In State v. Trantham, supra [230 N.C. 641, 55 S.E.2d 200], Barnhill, J., pointed out that: "Legislative bodies may distinguish, select, and classify objects of legislation. It suffices if the classification is practical. Magoun v. Illinois Trust & Savings Bank, 170 U.S. 283, 18 S. Ct. 594, 42 L. Ed. 1037; State v. Davis, supra (171 N.C. 809, 89 S.E. 40). They may prescribe different regulations for different classes, and *516 discrimination as between classes is not such as to invalidate the legislative enactment. Smith v. Wilkins, 164 N.C. 135, 80 S.E. 168. The very idea of classification is inequality, so that inequality in no manner determines the matter of constitutionality. Bickett v. Tax Commission, 177 N.C. 433, 99 S.E. 415; Atchison, T. & S. F. R. Co. v. Matthews, 174 U.S. 96, 19 S. Ct. 609, 43 L. Ed. 909. The one requirement is that the ordinance must affect all persons similarly situated or engaged in the same business without discrimination. City of Springfield v. Smith, 322 Mo. 1129, 19 S.W.2d 1."

The defendant here, like the defendant in State v. McGee, supra, does not claim that the ordinance discriminates against him in so far as it applies to any other person or persons similary situated. He simply claims that the business establishments permitted to remain open on Sunday sell certain articles of merchandise similar to those which he sells, therefore, he says they are his competitors. He falls into error in undertaking to make competition as between classes the test rather than discrimination within a class.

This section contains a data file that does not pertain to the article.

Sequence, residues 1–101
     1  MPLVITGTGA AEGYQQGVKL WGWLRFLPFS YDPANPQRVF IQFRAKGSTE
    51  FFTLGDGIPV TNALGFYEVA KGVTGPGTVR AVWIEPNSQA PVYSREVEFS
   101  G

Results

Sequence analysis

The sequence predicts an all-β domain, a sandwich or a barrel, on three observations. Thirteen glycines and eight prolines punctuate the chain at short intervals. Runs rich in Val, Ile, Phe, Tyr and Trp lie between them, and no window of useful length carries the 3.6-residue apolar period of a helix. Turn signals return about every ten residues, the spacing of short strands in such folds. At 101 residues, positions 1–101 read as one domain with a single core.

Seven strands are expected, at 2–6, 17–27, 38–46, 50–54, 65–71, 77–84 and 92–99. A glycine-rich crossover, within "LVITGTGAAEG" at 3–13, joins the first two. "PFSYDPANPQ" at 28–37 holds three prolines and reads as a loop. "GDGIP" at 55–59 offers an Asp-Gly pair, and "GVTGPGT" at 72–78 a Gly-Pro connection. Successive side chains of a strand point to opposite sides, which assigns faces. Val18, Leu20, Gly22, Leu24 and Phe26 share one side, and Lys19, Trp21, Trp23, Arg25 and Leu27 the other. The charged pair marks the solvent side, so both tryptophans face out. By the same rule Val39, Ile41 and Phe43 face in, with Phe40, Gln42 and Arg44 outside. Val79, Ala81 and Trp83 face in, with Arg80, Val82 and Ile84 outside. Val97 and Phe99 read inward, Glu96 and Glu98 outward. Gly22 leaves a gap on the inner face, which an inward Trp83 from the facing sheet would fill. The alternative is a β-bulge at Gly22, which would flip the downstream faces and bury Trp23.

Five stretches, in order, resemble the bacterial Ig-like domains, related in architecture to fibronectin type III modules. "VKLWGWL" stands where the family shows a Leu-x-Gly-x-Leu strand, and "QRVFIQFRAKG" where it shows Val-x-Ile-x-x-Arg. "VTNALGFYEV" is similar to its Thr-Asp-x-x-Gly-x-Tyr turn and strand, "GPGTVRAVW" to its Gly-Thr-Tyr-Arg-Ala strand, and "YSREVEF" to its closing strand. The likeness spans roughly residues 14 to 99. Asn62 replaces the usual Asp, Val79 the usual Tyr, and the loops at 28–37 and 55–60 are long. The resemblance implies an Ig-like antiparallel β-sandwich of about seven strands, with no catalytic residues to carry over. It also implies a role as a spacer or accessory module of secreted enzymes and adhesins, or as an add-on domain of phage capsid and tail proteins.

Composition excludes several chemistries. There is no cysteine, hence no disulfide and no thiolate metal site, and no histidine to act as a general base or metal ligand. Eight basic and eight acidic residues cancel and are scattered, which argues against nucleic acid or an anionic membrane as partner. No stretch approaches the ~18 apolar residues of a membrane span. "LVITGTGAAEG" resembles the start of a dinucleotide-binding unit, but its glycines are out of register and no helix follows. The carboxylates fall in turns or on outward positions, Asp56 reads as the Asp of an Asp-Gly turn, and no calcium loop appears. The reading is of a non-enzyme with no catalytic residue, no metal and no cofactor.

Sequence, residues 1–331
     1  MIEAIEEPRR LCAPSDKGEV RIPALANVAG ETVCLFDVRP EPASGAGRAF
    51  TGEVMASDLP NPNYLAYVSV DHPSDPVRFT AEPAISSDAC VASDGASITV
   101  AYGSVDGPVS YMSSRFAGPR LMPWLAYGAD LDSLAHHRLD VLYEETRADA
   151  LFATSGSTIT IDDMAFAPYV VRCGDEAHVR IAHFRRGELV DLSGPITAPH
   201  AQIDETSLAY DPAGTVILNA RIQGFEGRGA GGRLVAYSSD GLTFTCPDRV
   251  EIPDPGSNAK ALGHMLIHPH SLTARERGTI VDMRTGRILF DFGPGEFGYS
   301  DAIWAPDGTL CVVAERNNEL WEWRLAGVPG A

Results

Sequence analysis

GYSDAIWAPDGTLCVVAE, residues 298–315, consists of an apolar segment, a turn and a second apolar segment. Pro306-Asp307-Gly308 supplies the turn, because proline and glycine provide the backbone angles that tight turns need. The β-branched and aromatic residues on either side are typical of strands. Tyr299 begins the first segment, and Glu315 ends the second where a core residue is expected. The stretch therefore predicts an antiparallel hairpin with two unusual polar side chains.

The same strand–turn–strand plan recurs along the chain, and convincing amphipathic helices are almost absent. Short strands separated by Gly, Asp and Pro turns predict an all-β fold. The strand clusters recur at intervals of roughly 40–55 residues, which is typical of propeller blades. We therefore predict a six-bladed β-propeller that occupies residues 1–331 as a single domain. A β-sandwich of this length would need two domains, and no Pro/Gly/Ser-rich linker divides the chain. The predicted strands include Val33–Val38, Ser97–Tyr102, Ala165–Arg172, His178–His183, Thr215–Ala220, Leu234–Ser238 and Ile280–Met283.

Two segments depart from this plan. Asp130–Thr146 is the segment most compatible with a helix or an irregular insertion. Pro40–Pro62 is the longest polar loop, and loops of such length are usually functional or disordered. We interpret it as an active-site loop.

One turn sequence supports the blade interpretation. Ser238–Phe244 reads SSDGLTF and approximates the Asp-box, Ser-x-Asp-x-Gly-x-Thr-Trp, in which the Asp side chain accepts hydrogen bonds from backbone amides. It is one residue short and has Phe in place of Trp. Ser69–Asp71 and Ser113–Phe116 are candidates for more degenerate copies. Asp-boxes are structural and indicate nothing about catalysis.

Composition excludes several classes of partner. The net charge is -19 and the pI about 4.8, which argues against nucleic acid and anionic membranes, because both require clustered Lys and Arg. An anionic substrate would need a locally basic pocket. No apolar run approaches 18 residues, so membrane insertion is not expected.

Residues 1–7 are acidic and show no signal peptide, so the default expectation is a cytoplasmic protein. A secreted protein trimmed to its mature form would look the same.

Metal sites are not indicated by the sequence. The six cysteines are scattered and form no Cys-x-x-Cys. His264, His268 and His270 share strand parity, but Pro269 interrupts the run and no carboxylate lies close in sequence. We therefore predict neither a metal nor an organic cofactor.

In the case of State v. Medlin, 170 N.C. 682, 86 S.E. 597, the Town of Zebulon had adopted an ordinance which prohibited keeping any shop or store open on Sunday for the purpose of buying and selling (except ice), but provided that " `drug stores may be kept open at all times on Sundays for the sale of drugs and medicines, and from 6 to 9:30 o'clock in the morning and from 1 to 4:30 o'clock in the afternoon for the sale of drugs, medicines, mineral waters, soft drinks, cigars and tobacco only.'" The defendant who did not operate a drug store, opened his grocery store between the hours of 6 and 8 o'clock a. m., on Sunday, January 18, 1915, while the above ordinance was in full force and effect, and sold cigars, cigarettes and Coca-Cola to several purchasers and received cash payments therefor. At this same time, a drug store in Zebulon was open for the sale of these same articles. The Court said: "This ordinance, which prohibits keeping open stores and other places of business for the purpose of buying or selling (except ice), excepts drugs and medicines, and permits the drug stores to sell soft drinks and tobacco for a limited time in the morning and afternoon, as a convenience to public customs, is not an unreasonable exercise of the police power." This decision has been followed and cited with approval in State v. Davis, 171 N.C. 809, 89 S.E. 40; State v. Burbage, 172 N.C. 876, 89 S.E. 795; Lawrence v. Nissen, 173 N.C. 359, 91 S.E. 1036; State v. Kirkpatrick, 179 N.C. 747, 103 S.E. 65; State v. Weddington, 188 N.C. 643, 125 S.E. 257, 37 A.L.R, 573; and State v. McGee, supra.